SEOUL, April 18 (Yonhap) — "The King and the Clown," a modestly budgeted period drama, ended its 112-day run at Korean theater screens Tuesday night after smashing local box-office records.
The movie, about a gay love triangle involving a court jester during Korea’s Joseon Dynasty (1392-1910), sold over 12.3 million tickets by Monday to rake in more than 100 billion won (US$104.8 million), according to film distributor Cinema Service.
It beat the previous record of 11.74 million tickets set by
"Tae Guk Gi: The Brotherhood of War" (2004) to reach a net profit of over 28 billion won.
Testament to its snowballing popularity, director Lee Joon-ik’s period drama opened on 190 screens on Dec. 28 before peaking at 400 screens in February.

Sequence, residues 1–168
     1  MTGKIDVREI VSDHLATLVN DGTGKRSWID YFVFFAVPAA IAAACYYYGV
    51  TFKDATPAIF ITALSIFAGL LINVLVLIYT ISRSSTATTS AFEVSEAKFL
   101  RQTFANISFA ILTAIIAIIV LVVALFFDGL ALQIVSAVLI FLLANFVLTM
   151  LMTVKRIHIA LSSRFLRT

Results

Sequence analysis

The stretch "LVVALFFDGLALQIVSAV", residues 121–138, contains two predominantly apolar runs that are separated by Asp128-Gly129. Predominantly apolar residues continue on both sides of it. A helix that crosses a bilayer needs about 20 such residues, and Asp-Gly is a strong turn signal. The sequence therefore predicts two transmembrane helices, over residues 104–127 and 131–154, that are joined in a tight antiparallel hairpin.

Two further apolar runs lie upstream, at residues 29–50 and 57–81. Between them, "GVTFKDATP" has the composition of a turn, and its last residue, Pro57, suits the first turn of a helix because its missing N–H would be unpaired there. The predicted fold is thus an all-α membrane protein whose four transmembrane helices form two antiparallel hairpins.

More than one-fifth of South Korea’s 48.2-million population are believed to have seen the movie.
The movie has generated much discussion at home for its broaching of the sensitive issue of homosexuality, still a taboo subject in Korea’s Confucian society, as well as its strong narrative and the stellar performances of its cast.
It has also been praised for its economy in an age of spiraling budgets. The movie cost some 4.3 billion won to make, less than a third of the budget for the Korean War epic "Tae Guk Gi" (14.7 billion won).
"The King and the Clown" will compete at the Cannes Film Festival this year under its new English name, "The Royal Jester," according to its publicist, CJ Entertainment.